I sincerely hate to break it to anybody who hasn't heard by now, but mamma's gone. Mamma Loredana moved out, with her son Filipo Cortivo, from Osteria la Buca two chefs ago and opened her own place, Osteria Mamma, on Melrose Avenue a few blocks west of La Buca.
Meanwhile, remaining partner Graham Snyder has expanded the original hole-in-the-wall upward and sideways. A recent makeover by designer Brendan Ravenhill removed the clichéd Italian references. Gone are the bottle chandeliers, replaced by understated lighting fixtures. Shelves are stocked with house wines lined up like soldiers. Extra chairs form a chorus line on the top shelf. A huge black canvas hung on an exposed brick wall is stenciled with the words "We're glad you're here" in white.
This spring, Snyder also installed a new chef — one who is not Italian, and that's a first for this neighborhood restaurant. He's Jason Neroni, a Southern California native who found his way to a professional kitchen as a teen. He worked his way around the kitchen at Spago and, in New York, at Tabla, Blue Hill, Alain Ducasse's Essex House and 10 Downing Food & Wine. Just reading his résumé is exhausting, he's worked at so many places. Back in California, he took a job as chef at Blanca in San Diego, not a good fit.
At La Buca, his menu resembles those of previous chefs in only this: It includes pasta and pizza. But because everything else is so different, including the quality of the ingredients, Osteria la Buca has to be considered an entirely new restaurant. And certainly a more interesting one with a farm-to-table philosophy.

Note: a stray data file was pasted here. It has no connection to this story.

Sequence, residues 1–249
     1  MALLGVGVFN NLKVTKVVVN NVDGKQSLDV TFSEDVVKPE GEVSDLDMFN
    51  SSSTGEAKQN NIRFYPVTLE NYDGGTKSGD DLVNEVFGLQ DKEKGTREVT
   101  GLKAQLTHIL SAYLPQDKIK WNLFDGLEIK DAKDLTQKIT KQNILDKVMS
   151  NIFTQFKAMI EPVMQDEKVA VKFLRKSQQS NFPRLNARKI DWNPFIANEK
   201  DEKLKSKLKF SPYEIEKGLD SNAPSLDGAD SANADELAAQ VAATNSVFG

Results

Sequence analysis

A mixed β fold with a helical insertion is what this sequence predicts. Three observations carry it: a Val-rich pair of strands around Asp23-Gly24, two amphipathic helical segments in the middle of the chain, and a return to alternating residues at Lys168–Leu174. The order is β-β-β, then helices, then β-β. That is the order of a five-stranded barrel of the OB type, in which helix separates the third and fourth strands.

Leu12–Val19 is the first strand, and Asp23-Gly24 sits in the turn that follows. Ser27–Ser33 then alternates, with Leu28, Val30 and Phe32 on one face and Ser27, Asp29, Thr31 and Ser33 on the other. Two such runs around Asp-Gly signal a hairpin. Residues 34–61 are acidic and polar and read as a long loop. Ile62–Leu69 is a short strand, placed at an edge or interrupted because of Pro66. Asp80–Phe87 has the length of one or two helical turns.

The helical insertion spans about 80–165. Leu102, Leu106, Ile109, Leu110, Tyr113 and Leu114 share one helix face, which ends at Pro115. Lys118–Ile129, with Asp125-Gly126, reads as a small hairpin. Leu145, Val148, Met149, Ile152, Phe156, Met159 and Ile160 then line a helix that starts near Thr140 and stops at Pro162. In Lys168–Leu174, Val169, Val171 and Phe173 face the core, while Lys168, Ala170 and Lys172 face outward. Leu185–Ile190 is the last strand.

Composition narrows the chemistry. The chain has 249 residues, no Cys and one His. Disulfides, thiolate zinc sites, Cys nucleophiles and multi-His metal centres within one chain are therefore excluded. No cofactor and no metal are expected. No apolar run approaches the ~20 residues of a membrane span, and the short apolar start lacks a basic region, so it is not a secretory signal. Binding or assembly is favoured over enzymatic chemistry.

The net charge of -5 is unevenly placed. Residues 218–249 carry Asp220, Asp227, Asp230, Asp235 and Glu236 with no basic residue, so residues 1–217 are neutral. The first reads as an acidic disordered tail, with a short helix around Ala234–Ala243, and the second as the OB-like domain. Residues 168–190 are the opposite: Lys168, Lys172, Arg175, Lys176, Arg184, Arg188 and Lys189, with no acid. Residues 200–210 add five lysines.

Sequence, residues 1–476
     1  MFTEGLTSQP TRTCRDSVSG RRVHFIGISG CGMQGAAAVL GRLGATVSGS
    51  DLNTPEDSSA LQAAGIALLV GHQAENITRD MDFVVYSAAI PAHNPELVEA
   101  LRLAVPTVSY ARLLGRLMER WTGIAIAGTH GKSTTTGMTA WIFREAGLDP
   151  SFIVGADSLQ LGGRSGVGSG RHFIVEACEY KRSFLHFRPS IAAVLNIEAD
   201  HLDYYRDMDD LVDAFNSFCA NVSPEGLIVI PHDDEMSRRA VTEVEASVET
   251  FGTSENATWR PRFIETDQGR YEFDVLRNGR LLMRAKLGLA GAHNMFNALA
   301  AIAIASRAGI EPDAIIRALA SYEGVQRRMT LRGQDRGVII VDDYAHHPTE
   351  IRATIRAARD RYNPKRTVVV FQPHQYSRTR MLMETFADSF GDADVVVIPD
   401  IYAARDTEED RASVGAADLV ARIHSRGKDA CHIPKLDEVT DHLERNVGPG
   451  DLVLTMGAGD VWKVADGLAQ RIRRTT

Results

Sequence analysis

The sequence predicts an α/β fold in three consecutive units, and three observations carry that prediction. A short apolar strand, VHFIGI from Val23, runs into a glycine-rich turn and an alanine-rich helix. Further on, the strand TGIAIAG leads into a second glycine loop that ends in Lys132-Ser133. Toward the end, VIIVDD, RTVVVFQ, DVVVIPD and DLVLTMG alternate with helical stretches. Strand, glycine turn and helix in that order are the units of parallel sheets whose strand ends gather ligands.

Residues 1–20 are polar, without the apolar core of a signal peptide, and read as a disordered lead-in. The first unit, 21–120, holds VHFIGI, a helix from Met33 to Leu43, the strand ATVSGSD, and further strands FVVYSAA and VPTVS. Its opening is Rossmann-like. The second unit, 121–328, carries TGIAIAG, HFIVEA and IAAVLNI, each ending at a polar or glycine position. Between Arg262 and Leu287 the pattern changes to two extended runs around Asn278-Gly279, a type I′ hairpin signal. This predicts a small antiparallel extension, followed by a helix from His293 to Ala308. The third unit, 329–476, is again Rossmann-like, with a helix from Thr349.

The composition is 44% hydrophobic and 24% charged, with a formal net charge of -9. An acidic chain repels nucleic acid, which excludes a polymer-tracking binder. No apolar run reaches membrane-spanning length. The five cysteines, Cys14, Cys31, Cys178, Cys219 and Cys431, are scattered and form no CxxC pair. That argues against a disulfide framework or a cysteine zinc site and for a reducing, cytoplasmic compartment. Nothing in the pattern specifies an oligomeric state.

They've got pizza, but that's not new. Some of the toppings are, though. The crust is thin, billowy at the edges, the toppings sparse, though given to a rather all-encompassing layer of cheese not found in Neapolitan-style pizza places. Molten Taleggio scattered with hen-of-the-woods mushrooms, caramelized onions and fresh thyme is modern and delicious. Other versions pair lardo (cured pork fat) with garlic confit and ricotta or speck (smoked ham) with mozzarella, tomato and arugula. Broccolini with pancetta and an overwhelming garlic paste wasn't a hit at my table. But that was just one. A pizza to share is always a fine way to start a meal here. And if you can't agree on which one to order, no matter, get two.
Bread comes from the pizza oven too, mini-loaves garnished with fresh rosemary leaves, perfect with the antipasti. Resist any impulse to go straight to the pasta or meat course. Share some antipasti first, notably the charred calamari topped with the delicately fried tentacles. Or a graceful salad of cucumber cut in spaghetti-like strands and showered with grated bottarga, capers and shiny green Castelvetrano olives — and lime. The flavors of shaved asparagus with coarsely grated pecorino and cubed oranges are wonderful together. But if I could pick just one, I'd choose the fava bean crostini with lamb pancetta and silvery boquerones — vinegar-marinated white anchovies with a touch of lemon zest.